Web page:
IDC says of Windows Phone:
Windows Phone will gain share despite a slow start. Windows Phone 7/Windows Mobile will be aided by Nokia's strength in key emerging markets. IDC expects it to be the number 2 OS with more than 19% share in 2016, assuming Nokia's foothold in emerging markets is maintained.
Such predictions are notorious unreliable. For example, the IDC forecast in 2010 predicted market share figures for 2014 of Symbian at 32.9%, Android at 24.7%, BlackBerry OS at 17.3%, iOS at 10.9% and Windows Mobile at 9.8%. The IDC forecast in 2011 predicted figures for 2015 of Android at 43.8%, Windows Phone at 20.3%, iOS at 16.9%, Blackberry OS at 13.4% and Symbian at 0.1%.
The reality is that making forwarding looking predictions in an industry as fast moving as mobile is very difficult. Looking at IDC's current forecast it is reasonable to argue that the figures for BlackBerry OS look generous and that there's no provision for major platform shifts (e.g. Samsung moving some of its Android shipments to its own Linux platform).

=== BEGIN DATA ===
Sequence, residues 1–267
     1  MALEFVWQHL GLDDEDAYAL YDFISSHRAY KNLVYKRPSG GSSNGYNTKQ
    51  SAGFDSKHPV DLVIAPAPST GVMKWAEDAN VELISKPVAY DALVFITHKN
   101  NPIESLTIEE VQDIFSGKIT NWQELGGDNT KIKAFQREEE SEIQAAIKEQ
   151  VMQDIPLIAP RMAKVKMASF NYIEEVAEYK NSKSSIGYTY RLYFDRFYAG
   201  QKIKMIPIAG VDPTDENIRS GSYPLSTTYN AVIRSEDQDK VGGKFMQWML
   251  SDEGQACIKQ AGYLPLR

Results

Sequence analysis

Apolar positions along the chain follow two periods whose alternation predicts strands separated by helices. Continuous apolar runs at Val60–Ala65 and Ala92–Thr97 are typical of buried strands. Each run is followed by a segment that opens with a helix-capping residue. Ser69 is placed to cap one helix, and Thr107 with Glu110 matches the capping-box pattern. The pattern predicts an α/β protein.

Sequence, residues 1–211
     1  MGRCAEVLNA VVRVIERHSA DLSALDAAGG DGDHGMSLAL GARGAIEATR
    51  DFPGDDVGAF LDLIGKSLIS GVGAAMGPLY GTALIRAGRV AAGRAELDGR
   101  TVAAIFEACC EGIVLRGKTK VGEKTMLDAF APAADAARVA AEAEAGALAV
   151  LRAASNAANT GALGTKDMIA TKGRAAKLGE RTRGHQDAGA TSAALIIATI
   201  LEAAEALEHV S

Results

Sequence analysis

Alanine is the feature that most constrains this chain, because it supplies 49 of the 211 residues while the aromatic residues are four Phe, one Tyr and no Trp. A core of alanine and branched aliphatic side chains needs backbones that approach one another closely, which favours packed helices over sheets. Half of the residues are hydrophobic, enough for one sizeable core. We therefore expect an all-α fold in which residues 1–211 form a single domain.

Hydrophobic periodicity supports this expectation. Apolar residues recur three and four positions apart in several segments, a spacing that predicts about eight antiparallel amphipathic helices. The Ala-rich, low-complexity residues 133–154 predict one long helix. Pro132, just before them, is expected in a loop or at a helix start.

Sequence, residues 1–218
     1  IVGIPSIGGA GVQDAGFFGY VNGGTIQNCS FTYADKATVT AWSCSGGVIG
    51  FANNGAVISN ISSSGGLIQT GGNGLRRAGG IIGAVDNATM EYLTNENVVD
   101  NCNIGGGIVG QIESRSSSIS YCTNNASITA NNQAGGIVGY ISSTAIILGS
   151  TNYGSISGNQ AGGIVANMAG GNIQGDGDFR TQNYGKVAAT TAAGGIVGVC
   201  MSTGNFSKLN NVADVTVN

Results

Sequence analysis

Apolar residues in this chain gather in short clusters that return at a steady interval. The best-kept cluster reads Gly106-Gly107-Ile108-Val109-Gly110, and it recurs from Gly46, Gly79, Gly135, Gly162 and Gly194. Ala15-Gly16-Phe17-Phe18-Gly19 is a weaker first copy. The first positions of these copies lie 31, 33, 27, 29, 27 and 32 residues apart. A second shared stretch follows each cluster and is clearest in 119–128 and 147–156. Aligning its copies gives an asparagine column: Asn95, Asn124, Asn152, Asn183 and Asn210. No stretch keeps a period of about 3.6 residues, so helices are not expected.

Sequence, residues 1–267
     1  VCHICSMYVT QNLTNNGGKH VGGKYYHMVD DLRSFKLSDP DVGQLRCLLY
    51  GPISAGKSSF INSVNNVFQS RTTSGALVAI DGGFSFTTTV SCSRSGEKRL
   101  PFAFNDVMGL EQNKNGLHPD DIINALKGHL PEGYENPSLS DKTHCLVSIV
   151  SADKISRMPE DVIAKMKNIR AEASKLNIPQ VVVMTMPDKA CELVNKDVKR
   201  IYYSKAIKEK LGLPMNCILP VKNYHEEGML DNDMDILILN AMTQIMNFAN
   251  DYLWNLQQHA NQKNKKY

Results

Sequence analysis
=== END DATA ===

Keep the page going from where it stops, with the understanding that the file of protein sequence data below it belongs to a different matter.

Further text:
However, what the forecast does underline, regardless of how accurate it turns out to be, is that the current opinion of IDC's mobile analysts is that Windows Phone will be the fastest growing smartphone platform over the next few years. That's an attitude which suggests more confidence in the platform than a quick look at current media coverage, share price and market share figures might lead a casual observer to expect.
In assessing any prediction it's also important to remember that global market share figures also hide large regional differences, something that is likely to increase in the next few years. IDC specifically identifies emerging markets as a key strength for Nokia and Windows Phone and it's worth remembering that it is these markets that are set to grow fastest, in volume terms, over the next four years. The next round of the smartphone platform wars will be fought here, not in the American and Western European markets.
Looking back at the last four years - the fall of traditional phone giants, the growth of iOS, the emergence of Android, the emergence of tablet devices, the decline of Symbian, the longevity and then decline of BlackBerry - should teach us that if we can predict anything, it is that there will be major changes in the next four years. The least likely option is maintenance of the status quo.